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Education and cognitive change over 15 years: the atherosclerosis risk in communities study.

TitleEducation and cognitive change over 15 years: the atherosclerosis risk in communities study.
Publication TypeJournal Article
Year of Publication2012
AuthorsSchneider ALC, Sharrett ARichey, Patel MD, Alonso A, Coresh JJ, Mosley T, Selnes O, Selvin E
Secondary AuthorsGottesman RF
JournalJ Am Geriatr Soc
Volume60
Issue10
Pagination1847-53
Date Published2012 Oct
ISSN1532-5415
KeywordsAged, Atherosclerosis, Cognition, Educational Status, Female, Humans, Male, Middle Aged, Prospective Studies, Risk Assessment, Risk Factors, Time Factors
Abstract

OBJECTIVES: To evaluate whether education level is associated with change in cognitive performance.

DESIGN: Prospective cohort study.

SETTING: The Atherosclerosis Risk in Communities (ARIC) Study, a community-based cohort.

PARTICIPANTS: Nine thousand two hundred sixty-eight ARIC participants who underwent cognitive evaluation at least twice over a 15-year period.

MEASUREMENTS: Education was evaluated as a predictor of change in word recall, the Digit Symbol Substitution Test (DSST), and word fluency. A random-effects linear regression model, and a time by educational level interaction was used.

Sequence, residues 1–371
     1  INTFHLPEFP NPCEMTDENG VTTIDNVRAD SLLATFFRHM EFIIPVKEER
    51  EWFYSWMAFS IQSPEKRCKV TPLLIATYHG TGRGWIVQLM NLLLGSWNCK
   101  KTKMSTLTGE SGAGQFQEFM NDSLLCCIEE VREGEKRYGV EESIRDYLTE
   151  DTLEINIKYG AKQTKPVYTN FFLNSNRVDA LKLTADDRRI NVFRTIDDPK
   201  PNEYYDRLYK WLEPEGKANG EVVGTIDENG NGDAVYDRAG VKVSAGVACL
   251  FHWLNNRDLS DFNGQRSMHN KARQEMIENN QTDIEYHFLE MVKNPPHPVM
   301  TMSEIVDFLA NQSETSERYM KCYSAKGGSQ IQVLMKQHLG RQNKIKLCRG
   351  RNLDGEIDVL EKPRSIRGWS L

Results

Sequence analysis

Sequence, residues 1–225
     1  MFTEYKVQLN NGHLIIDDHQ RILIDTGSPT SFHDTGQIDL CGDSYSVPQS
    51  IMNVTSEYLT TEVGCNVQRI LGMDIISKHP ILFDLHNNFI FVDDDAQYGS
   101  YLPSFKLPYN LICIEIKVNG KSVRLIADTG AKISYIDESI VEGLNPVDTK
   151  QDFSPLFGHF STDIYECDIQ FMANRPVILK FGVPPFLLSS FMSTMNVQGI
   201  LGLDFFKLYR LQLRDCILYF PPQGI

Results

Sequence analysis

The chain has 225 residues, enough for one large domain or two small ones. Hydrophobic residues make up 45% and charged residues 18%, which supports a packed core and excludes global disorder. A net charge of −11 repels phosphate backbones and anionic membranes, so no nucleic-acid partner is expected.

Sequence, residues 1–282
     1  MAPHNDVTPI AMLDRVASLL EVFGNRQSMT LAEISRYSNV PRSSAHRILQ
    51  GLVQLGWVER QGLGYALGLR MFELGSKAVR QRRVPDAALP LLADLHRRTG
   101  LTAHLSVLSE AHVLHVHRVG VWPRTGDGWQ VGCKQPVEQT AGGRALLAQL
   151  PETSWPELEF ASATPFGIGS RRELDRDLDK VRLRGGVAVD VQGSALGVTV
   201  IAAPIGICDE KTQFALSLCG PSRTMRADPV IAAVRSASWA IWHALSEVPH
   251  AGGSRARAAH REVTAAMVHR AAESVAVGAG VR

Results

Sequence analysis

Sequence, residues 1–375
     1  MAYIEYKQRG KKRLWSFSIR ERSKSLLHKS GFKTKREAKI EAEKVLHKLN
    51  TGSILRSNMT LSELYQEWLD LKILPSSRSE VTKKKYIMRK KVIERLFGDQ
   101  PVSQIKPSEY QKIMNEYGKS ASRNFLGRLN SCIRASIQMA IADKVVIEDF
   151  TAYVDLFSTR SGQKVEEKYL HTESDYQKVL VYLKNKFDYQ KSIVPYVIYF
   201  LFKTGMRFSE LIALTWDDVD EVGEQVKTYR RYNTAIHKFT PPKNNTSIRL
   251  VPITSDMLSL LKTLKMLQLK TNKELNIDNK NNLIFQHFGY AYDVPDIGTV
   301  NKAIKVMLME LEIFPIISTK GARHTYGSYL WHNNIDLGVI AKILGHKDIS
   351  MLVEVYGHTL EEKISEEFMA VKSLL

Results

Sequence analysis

RESULTS: Educational level was highly associated with cognitive performance. The effect on performance of a less than high school education (vs more than high school) was equivalent to the effect of as much as 22 years of cognitive aging, but educational level was not associated with change in cognitive performance in whites or blacks, with the exception of the DSST for whites, in whom those with lower levels of education had less decline in scores.

CONCLUSION: Educational level was not associated with change in cognitive performance, although the higher baseline cognitive performance of individuals with more education might explain lower rates of dementia in more-educated individuals, because more decline would have to take place between baseline higher performance and time at which dementia was diagnosed in more-educated individuals.

DOI10.1111/j.1532-5415.2012.04164.x
Alternate JournalJ Am Geriatr Soc
PubMed ID23013064
PubMed Central IDPMC3662980
Grant ListN01HC55020 / HL / NHLBI NIH HHS / United States
HHSN268201100012C / HL / NHLBI NIH HHS / United States
HHSN268201100009I / HL / NHLBI NIH HHS / United States
HHSN268201100010C / HL / NHLBI NIH HHS / United States
HHSN268201100008C / HL / NHLBI NIH HHS / United States
HHSN268201100005G / HL / NHLBI NIH HHS / United States
HHSN268201100008I / HL / NHLBI NIH HHS / United States
HHSN268201100011I / HL / NHLBI NIH HHS / United States
HHSN268201100011C / HL / NHLBI NIH HHS / United States
U01 HL075572 / HL / NHLBI NIH HHS / United States
HHSN268201100006C / HL / NHLBI NIH HHS / United States
R01-HL70825 / HL / NHLBI NIH HHS / United States
HHSN268201100005I / HL / NHLBI NIH HHS / United States
HHSN268201100009C / HL / NHLBI NIH HHS / United States
R01 HL070825 / HL / NHLBI NIH HHS / United States
HHSN268201100005C / HL / NHLBI NIH HHS / United States
U01HL075572-01 / HL / NHLBI NIH HHS / United States
T32 DK062707 / DK / NIDDK NIH HHS / United States